Major General Charles F. Bolden, Jr.
Nominated by President Barack Obama and confirmed by the U.S. Senate, retired Marine Corps Major General Charles Frank Bolden, Jr., began his duties as the twelfth Administrator of the National Aeronautics and Space Administration on July 17, 2009. As Administrator, he leads the NASA team and manages its resources to advance the agency's missions and goals.
Bolden's confirmation marks the beginning of his second stint with the nation's space agency. His 34-year career with the Marine Corps included 14 years as a member of NASA's Astronaut Office. After joining the office in 1980, he traveled to orbit four times aboard the space shuttle between 1986 and 1994, commanding two of the missions. His flights included deployment of the Hubble Space Telescope and the first joint U.S.-Russian shuttle mission, which featured a cosmonaut as a member of his crew.
Born in Columbia, South Carolina on August 19, 1946, during the pre-civil rights era, Charles Bolden had little reason to anticipate a future in space exploration. Yet by 1992, when he was selected by National Aeronautics and Space Administration (NASA) head Dan Goldin to help restructure the agency, he had distinguished himself not only as an accomplished astronaut, but also as an able administrator.
Bolden attributes his professional success to the advances made in the United States by pioneers in the civil rights movement and to an academic discipline instilled in him by his parents, both of whom were educators. "I was always encouraged to study," he told CBB. "I'm very thankful for that now." A serious student at an early age, Bolden overcame the obstacles presented by a segregated school system to graduate with honors from C. A. Johnson High School.
The values that he developed as a young student served him well throughout his academic career. In 1968 Charles Bolden graduated from the U.S. Naval Academy with a bachelor's degree in electrical science in 1968, and was commissioned as a second lieutenant in the Marine Corps. After completing flight training in 1970, he became a naval aviator. Bolden flew more than 100 combat missions in North and South Vietnam, Laos, and Cambodia, while stationed in Namphong, Thailand, from 1972-1973.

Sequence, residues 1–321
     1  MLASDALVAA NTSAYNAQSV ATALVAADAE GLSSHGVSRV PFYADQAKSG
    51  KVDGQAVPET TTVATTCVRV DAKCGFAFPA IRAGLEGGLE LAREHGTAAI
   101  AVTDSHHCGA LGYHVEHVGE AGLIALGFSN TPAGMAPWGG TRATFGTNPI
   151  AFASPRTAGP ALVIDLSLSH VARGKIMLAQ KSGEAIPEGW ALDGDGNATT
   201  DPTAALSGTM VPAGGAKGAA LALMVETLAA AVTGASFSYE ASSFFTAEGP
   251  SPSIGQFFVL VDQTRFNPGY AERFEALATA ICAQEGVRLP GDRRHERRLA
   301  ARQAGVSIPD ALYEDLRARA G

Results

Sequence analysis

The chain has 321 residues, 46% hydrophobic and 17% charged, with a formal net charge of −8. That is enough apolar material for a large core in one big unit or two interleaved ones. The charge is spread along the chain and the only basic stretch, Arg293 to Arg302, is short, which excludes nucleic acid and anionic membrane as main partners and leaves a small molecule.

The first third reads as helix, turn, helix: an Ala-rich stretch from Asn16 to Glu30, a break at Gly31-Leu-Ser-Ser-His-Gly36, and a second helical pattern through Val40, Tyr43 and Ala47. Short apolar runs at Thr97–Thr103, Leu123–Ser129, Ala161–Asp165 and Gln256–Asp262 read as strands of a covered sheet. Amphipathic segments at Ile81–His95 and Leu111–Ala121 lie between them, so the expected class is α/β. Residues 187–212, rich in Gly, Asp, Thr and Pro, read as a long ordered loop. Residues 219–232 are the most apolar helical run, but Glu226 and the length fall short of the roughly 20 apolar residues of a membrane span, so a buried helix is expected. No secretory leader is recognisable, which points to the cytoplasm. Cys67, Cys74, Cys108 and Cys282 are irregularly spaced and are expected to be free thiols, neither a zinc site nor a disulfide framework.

In 1977 Charles Bolden earned a master's degree in systems management from the University of Southern California and in 1979 he completed test pilot training. While working at the Naval Air Test Center's Systems Engineering and Strike Aircraft Test Directorates, he tested a variety of ground attack aircraft until his selection as an astronaut candidate in 1980.
"When I was a kid," Charles Bolden explained in an interview with Contemporary Black Biography (CBB), "all astronauts were male, all astronauts were test pilots, all astronauts were white, and all astronauts were the same size. I didn't fit into most of these categories."
By the late seventies, NASA's astronaut profile had changed enough for Bolden to begin considering a professional career with the agency. "In 1977," Bolden explained, "NASA advertised for people who would be interested in participating in the space shuttle program, and I thought about it. But I didn't think I'd be selected. So I didn't apply." Two years later, after NASA had selected its first ethnically mixed group of recruits, he submitted his application, fully expecting that it would be rejected.
When he was admitted to the shuttle program among NASA's 1980 recruits, Bolden began what would become a high-profile career with the agency. Since that time, he has completed several space shuttle missions. In January of 1986, Charles Bolden piloted the space shuttle Columbia's mission STS-61C, with assignments that included launching a communications satellite and conducting experiments in astrophysics and materials processing.
On his second mission, which took place during the spring of 1990, Charles Bolden served as pilot on the space shuttle Discovery (STS-31), whose five-member crew successfully launched the $1.5 billion Hubble Space Telescope. In J. Alfred Phelps's They Had a Dream: The Story of African-American Astronauts, Bolden illustrated the power of the Hubble, explaining that if he stood on the moon with a nickel in his hand, "the Hubble Space Telescope could read from the earth the words, 'In God We Trust.'"
In 1992, two years after the Discovery flight, Charles Bolden commanded the crew of space shuttle Atlantis for mission STS-45, during which a group of multinational oceanographic, atmospheric, and climatic surveys were completed. The experiments were designed to improve our scientific understanding of the earth's climate and atmosphere.
Charlie Bolden encourages young African Americans to make their dreams a reality: "Believe in yourself," he was quoted as saying in They Had a Dream. "Don't let anybody else determine what your life is going to be. Pick some goal that's just slightly out of your reach, then go for it. Be persistent and don't be afraid of failing. Some of my best accomplishments ... have come after I've failed, picked myself up, and tried again."